An exceptional Japanese suzuribako (writing box) in maki-e decoration circa 18th century Edo period. This is one of the most spectacular pieces of Japanese lacquer art offered by our gallery. The decorative theme is Gion Matsuri Festival that annually takes place in Kyoto from July 17th to 24th. It is known for the Yamanbako Junko parade with lavished decorated floats. The very first and also the most spiritually important one is called Naginata Boko, the Long Sword Float.It is characterized by a very tall naginata halberd sword on the top of its central pole. The sword was attributed to the legendary swordsmith Sanjo Munechika in the 10th century and it is believed to possess mystical power to ward off the evil, such as the plagues (as the festival commenced originally), and also to protect and to heal. It is the float where the chosen ceremonial Chigo, the celestial child, ride in the front. This Naginata float with Chigo is the subject depicted in a tour-de-force manner on the lid.
The details were astonishingly superb, reflecting a masterful workmanship, and more evidently, a will to bring out the best possible result within the limit of the techniques. Using Takamaki-e to outline the design that appears to jump out of the Nuri background, every micro-space was painstakingly decorated often with fine reliefs. From the surface panel and the hanging tapestry of the float, to the textured drapery down the pole, to the robes of the Chigo and even his expression, nothing was overlooked.The vermillion color was used ever so effectively to highlight a few places such as the umbrella, the pole fabric and the border of the drapery, rendering a regal and nearly somber sense to the festivity. Hiramaki-e and Kirigane gold foil inlays were used throughout as well, often on top of the Takamaki-e. The artist chose black as a background and he only decorated sparsely with clouds using Takamaki-e, Hiramakie (high and low relief) in a masterful contrast with Togidashi, creating a dimensional and mythical canvas for the float. The festival continues to the interior. On the back of the lid, two samurai like men on foot stand under a banner. They were likely spectators or members of the float entourage. They have on full suits of armor with sword at their waist. One holds a fan and the other likely a scroll, and both don conical hats. The detailed workmanship is again at play here. One can count the pieces of their armor scales and the stripes of their sandal ties. Most peculiarly, they both bear a facial expression that is hard for the viewers to interpret, somewhat somber and dignified, to intimidate or to evoke respect, it is hard to say. The decoration then continues on to the interior base, where a partial view of banner and another pavilion-like float reveal through the cloud made in gold sparkled Togidashi. There are separate compartments that hold the ink stone and the silver suiteki water dropper in the shape of a partially open scroll surrounded by three blooms. The inkstone bears a mark on the back. The bottom of the suzuribako is Nuri sparsely sprinkled with gold power and retains an old collecting paper sticker.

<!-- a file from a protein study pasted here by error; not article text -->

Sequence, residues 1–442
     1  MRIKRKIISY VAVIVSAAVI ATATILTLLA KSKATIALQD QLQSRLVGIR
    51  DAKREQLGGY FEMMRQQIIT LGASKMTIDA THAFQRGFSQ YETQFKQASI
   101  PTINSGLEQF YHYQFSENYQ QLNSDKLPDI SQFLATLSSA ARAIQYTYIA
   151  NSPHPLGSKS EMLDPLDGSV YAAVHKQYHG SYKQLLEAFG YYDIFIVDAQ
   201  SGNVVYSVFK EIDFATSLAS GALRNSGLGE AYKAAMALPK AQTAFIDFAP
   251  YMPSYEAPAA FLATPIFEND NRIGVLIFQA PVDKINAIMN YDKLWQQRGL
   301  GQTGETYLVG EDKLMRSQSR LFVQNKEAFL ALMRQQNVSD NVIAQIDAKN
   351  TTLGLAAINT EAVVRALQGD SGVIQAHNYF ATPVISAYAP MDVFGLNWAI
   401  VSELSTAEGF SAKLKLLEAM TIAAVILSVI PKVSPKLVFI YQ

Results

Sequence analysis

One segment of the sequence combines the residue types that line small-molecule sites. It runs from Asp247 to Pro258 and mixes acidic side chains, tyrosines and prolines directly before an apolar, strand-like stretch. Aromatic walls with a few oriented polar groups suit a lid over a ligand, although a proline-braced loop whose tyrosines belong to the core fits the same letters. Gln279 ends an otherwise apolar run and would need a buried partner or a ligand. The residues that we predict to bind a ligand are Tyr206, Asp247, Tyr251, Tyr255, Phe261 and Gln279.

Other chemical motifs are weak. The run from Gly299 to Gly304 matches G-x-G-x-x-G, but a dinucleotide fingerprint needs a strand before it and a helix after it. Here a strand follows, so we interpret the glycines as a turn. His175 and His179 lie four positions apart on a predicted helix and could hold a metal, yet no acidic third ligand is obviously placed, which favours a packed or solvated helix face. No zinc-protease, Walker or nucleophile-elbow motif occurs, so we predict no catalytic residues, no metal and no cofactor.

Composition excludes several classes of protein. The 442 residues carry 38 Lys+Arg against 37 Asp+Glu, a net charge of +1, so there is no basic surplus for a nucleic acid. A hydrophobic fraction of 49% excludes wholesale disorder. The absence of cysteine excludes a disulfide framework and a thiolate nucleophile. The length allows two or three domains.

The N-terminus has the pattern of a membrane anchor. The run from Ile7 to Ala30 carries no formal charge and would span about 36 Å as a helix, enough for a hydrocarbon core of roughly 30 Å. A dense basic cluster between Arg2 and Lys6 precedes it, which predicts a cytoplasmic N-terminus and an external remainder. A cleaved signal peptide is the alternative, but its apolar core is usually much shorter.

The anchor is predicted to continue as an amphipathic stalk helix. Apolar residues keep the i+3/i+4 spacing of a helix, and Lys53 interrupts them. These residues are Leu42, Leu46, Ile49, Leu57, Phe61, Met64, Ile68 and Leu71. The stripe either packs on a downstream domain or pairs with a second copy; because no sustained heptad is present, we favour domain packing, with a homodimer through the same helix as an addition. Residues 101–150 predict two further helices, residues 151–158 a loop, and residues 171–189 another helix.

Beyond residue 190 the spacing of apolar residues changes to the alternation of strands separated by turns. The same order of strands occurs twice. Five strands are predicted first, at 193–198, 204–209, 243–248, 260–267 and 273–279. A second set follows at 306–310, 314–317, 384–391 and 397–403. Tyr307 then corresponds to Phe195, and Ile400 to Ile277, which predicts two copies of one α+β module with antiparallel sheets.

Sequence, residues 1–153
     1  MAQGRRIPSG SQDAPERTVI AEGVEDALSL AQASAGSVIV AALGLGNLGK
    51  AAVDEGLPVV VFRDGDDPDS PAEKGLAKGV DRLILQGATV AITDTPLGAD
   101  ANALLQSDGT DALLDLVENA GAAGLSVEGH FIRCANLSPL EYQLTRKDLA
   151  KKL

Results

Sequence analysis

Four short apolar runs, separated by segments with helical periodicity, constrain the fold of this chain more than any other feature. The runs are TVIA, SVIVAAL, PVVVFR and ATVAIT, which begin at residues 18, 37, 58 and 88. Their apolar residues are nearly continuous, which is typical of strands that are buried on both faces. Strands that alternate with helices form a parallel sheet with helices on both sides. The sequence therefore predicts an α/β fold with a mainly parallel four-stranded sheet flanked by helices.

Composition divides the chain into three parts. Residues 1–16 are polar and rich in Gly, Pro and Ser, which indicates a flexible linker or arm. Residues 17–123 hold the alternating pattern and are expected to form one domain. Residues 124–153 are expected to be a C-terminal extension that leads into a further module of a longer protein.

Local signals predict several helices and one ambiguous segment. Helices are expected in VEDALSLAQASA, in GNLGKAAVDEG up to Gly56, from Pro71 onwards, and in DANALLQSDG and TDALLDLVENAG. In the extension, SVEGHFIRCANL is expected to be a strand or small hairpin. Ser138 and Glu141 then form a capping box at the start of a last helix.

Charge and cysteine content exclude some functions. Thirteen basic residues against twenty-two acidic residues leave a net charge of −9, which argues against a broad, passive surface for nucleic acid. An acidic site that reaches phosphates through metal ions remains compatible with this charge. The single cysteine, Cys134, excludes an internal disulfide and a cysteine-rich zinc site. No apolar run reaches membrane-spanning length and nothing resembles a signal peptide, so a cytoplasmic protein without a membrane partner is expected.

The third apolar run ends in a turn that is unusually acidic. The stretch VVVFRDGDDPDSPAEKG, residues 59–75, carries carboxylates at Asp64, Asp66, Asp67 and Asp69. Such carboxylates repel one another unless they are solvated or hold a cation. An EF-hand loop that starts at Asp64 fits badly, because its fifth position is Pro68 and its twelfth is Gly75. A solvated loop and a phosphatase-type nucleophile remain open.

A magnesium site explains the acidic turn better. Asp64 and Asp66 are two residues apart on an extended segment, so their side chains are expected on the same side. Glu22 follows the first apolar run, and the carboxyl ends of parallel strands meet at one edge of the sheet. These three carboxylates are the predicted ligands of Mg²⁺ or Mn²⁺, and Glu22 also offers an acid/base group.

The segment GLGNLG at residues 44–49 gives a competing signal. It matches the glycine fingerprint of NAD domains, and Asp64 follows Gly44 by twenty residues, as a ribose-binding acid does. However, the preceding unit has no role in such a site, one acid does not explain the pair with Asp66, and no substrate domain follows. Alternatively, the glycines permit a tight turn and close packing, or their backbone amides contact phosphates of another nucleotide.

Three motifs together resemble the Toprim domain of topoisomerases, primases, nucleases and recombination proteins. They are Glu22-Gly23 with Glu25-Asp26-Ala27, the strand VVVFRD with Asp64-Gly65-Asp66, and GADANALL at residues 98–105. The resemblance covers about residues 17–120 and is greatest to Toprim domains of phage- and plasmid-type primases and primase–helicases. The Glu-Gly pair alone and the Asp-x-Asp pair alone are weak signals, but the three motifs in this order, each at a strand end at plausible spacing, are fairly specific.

The rim of the lid is lined with a very thin silver metal. Accompany this stunning piece are two handwritten notes of certain age. One is the study of the subject which appears now somewhat imprecise.Measurement: 9' x 10 x 1.5. The item "Exceptional Japanese Lacquer Suzuribako Edo Period with Provenance Note" is in sale since Saturday, February 27, 2021.
This item is in the category "Antiques\Asian Antiques\Japan\Other Japanese Antiques". The seller is "gallery-t" and is located in Atlanta, Georgia. This item can be shipped worldwide.